Majid Ali, M.D.
Nearly one-half of American children are overweight. One-third of obese American children suffer from the metabolic syndrome with insulin resistance, increased levels of proinflammatory molecules (C-reacting protein), biomarkers of obesity (decreased levels of adiponectin), and biochemical indicators of significantly increased risk of cardiovascular and other degenerator problems.3 Where is this epidemic coming from? I believe the answer to that question is self-evident. First, our food items are depleted of nutrients. Second, our foods — the standard American diet (SAD) — are chemicalized. Third, we Americans simply eat too much. Lastly, many of us have lost spontaneity in our physical activities and exercise has become a cumbersome chore.
Strong evidence is emerging that the pandemic of the pandora’s box involving every metabolic, developmental, and hormonal facte of our children and adolescents originates in utero.3,4 Obesity — the hallmark of hyperinsulinemia in most children5 — is also accompanied with dyslipidemia in most instances,6 type 2 diabetes,7 and delayed (but now increasingly accelerated) cardiovascular complications.8-10 Between 1988 and 1994, among the U.S. adolescents included in the third National Health and Nutrition Examination Survey (NHANES III), the prevalence of the metabolic syndrome was 6.8 percent among overweight adolescents and 28.7 percent among obese adolescents.11 Clearly that must be considered dated information since both the magnitude and the prevalence of childhood obesity have substantially increased in the past decade.12 Raised blood levels of C-reactive protein and interleukin-6 levels are independent risk factors for cardiovascular events in obese, insulin-resistant adults, whereas low adiponectin levels represent an independent risk factor for atherosclerosis.13,14
A brief comment may be made here of the definition of the metabolic syndrome. As long as the underlying energetic-cellular basis of the syndrome — cellular failure of oxygen homeostasis — is not recognized, one can expect that the definition of this so-called syndrome will continue to be updated by the year. That, indeed, is the case. The National Cholesterol Education Program’s Adult Treatment Panel17 and the World Health Organization18 have recently revised diagnostic criteria (which, of course, make no sense fro an inegrative standpoint because dysoxygenosis-related disruptions are global in nature and will be documented as this area is investigated further wiith broader criteria.) It has been recognized that body proportions normally change during pubertal development and vary among persons of different races and ethnic groups. Thus, differences in waist-to-hip ratios may not interpret on their face values in children. The recent studies have been conducted on the basis of a threshold BMI z score of 2.0 or more, adjusted for age and sex.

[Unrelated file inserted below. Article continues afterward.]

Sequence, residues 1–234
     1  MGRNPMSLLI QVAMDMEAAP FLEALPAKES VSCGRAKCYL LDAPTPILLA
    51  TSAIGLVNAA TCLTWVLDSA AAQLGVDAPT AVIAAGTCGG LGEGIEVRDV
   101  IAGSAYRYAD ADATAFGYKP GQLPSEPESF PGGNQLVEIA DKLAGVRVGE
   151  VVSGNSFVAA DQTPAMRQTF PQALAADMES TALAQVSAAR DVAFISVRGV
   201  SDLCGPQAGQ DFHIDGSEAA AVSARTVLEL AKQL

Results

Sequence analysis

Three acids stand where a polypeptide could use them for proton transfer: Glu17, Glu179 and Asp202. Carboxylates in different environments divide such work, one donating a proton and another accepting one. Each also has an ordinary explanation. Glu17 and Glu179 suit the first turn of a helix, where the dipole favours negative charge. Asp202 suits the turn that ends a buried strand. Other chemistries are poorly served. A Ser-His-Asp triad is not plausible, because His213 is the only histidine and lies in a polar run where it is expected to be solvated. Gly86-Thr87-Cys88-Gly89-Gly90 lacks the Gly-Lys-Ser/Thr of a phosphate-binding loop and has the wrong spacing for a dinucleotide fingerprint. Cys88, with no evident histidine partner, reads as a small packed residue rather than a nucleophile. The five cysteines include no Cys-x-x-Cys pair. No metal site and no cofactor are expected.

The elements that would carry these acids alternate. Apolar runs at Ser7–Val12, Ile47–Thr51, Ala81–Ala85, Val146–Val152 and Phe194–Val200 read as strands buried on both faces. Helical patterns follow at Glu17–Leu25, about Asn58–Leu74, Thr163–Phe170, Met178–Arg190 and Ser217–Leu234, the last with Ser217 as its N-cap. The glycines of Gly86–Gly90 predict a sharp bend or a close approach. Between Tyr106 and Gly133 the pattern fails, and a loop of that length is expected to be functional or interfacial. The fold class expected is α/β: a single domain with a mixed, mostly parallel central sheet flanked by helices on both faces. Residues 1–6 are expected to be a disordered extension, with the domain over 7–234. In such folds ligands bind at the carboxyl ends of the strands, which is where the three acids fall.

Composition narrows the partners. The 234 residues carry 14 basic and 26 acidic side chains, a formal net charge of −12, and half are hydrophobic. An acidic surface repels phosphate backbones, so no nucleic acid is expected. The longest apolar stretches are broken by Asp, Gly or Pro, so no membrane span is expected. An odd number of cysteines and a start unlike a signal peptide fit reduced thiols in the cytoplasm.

* The Metabolic Syndrome in Children: What Might That Be?
* The Metabolic Syndrome in Adults: What Might That Be?
* Why Primary Physicians Should Not Ever Make the Diagnosis of the Metabolic Syndrome?
* Why Internists Should Not Ever Make the Diagnosis of the Metabolic Syndrome?
* Why Endocrinologists Should Not Ever Make the Diagnosis of the Metabolic Syndrome?
* Why Diabetes Specialists Should Not Ever Make the Diagnosis of the Metabolic Syndrome?
* Why Obesity Specialists mShould Not Ever Make the Diagnosis of the Metabolic Syndrome?
* Why Weight Loss Surgeons Should Not Ever Make the Diagnosis of the Metabolic Syndrome?
* Why Weight Loss Merchants Should Not Ever Make the Diagnosis of the Metabolic Syndrome?